See the answer by Hans Havermann at the bottom of this page.

(Thanks, Éric.)

The Motte-and-Bailey Fallacy

In 2005, philosopher Nicholas Shackel identified a form of argument in which an arguer claims to defend a controversial position while retreating, under pressure, to a more supportable one. He likened it to a medieval castle defense known as the motte and bailey, in which a stone tower, the motte, is surrounded by an area of open land, the bailey. If maurauders invade the bailey, the defender retreats to the motte, and when the attackers have given up he can reoccupy the bailey.

“For my purposes the desirable but only lightly defensible territory of the Motte and Bailey castle, that is to say, the Bailey, represents a philosophical doctrine or position with similar properties: desirable to its proponent but only lightly defensible,” Shackel wrote. “The Motte is the defensible but undesired position to which one retreats when hard pressed.”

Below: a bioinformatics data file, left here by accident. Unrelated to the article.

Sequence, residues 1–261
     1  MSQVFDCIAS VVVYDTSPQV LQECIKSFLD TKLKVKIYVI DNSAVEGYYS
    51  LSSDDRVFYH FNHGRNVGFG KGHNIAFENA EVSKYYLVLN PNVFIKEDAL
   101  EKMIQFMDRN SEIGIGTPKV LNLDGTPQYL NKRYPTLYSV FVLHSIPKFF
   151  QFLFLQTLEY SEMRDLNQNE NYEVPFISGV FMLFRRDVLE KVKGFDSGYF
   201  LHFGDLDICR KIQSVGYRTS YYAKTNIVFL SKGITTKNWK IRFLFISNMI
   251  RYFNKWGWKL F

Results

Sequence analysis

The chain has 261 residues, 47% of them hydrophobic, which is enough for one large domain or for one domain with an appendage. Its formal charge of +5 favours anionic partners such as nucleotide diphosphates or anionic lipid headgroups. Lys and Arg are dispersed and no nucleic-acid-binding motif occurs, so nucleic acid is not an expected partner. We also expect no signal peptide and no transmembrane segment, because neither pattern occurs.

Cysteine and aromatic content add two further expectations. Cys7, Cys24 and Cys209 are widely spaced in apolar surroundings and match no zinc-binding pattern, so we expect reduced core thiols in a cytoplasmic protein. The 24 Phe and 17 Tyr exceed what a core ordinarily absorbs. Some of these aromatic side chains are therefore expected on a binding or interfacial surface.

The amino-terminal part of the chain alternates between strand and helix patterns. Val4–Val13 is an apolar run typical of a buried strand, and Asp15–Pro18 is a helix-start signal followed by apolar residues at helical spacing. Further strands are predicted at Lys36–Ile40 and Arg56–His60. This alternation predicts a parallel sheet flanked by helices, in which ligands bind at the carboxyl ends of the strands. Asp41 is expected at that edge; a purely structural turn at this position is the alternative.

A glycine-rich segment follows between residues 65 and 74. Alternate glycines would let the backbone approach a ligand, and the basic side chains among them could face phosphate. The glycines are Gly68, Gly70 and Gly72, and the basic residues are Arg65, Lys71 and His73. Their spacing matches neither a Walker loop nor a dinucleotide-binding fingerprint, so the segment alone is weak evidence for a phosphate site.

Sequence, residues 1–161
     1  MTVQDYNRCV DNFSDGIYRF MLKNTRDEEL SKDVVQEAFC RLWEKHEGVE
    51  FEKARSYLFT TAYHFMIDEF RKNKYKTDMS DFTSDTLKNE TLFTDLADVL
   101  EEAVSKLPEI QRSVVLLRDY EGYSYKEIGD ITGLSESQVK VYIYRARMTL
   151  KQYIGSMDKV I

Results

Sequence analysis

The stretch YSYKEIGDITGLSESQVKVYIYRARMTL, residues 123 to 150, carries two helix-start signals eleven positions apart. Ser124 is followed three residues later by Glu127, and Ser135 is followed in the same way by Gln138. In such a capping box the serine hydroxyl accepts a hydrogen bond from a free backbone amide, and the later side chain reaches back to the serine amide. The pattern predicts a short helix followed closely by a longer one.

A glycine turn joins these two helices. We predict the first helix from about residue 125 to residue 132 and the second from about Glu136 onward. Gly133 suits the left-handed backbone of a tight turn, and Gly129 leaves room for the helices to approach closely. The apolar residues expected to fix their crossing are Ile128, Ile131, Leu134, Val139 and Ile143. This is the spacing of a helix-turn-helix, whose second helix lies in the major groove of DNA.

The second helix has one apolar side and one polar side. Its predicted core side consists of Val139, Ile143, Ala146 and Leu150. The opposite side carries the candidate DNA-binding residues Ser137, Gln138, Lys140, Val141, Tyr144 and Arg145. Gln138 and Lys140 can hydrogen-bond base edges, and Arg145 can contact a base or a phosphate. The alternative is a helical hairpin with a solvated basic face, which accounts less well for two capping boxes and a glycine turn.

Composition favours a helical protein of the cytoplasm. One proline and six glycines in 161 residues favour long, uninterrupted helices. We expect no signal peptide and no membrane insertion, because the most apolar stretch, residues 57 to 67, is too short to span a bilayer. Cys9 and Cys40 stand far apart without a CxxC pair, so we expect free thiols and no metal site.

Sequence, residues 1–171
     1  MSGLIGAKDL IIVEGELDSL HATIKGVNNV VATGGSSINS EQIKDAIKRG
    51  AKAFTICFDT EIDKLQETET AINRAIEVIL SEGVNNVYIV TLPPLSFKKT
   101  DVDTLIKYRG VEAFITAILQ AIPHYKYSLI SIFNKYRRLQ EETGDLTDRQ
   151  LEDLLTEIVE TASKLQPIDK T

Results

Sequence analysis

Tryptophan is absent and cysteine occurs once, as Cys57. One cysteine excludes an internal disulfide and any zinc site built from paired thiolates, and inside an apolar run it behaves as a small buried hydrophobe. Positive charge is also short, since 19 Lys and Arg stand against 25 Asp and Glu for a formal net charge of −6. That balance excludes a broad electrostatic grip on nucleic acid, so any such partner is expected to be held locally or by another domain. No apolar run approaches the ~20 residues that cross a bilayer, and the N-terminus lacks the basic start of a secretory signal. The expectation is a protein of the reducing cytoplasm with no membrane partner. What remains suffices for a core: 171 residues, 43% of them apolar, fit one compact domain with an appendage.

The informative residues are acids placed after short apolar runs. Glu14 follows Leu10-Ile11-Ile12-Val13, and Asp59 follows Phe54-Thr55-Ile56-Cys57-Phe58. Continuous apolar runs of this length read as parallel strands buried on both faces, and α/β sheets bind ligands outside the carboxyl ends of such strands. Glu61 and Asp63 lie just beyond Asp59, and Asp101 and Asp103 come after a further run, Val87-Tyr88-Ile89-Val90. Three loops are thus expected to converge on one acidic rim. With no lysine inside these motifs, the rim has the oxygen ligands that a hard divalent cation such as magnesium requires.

By withdrawing as needed to a better-supported claim, a skilled arguer can pretend greater security than he’s established, and even accuse his critics of misrepresenting his position. Other writers have suggested that this is a common tactic in pseudoscience.

(Nicholas Shackel, “The Vacuity of Postmodernist Methodology,” Metaphilosophy 36:3 [April 2005], 295–320.)

Keith Numbers

The number 197 has a curious property:

1 + 9 + 7 = 17
9 + 7 + 17 = 33
7 + 17 + 33 = 57
17 + 33 + 57 = 107
33 + 57 + 107 = 197

After its n digits are used to initiate this pattern, the seeding number itself turns up in the resulting sequence. This makes 197 a Keith number, named for Mike Keith, the mathematician who first remarked on this property in 1987.